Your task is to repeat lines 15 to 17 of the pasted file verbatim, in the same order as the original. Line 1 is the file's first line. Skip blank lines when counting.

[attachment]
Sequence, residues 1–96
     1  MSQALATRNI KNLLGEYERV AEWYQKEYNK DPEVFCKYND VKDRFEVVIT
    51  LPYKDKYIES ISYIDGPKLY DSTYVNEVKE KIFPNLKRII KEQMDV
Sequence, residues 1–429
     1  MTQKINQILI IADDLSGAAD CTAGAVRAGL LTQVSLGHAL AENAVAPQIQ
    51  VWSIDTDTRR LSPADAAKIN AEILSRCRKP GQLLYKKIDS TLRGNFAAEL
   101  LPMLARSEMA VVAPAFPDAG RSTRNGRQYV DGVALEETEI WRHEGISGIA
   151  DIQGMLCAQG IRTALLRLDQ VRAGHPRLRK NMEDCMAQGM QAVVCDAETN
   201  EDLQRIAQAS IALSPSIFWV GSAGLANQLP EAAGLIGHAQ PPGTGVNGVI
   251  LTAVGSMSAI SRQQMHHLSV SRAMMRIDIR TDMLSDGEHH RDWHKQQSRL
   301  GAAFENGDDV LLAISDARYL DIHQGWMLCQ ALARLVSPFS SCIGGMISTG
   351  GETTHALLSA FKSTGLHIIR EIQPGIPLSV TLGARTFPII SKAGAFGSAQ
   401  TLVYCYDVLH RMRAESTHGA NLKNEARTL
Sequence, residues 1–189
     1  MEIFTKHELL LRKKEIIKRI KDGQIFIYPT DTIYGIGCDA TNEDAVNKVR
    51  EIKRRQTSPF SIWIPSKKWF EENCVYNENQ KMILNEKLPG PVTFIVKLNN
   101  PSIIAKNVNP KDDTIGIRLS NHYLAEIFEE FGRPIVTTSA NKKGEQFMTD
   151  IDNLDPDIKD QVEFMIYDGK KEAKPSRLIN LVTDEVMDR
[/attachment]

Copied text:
     1  MEIFTKHELL LRKKEIIKRI KDGQIFIYPT DTIYGIGCDA TNEDAVNKVR
    51  EIKRRQTSPF SIWIPSKKWF EENCVYNENQ KMILNEKLPG PVTFIVKLNN
   101  PSIIAKNVNP KDDTIGIRLS NHYLAEIFEE FGRPIVTTSA NKKGEQFMTD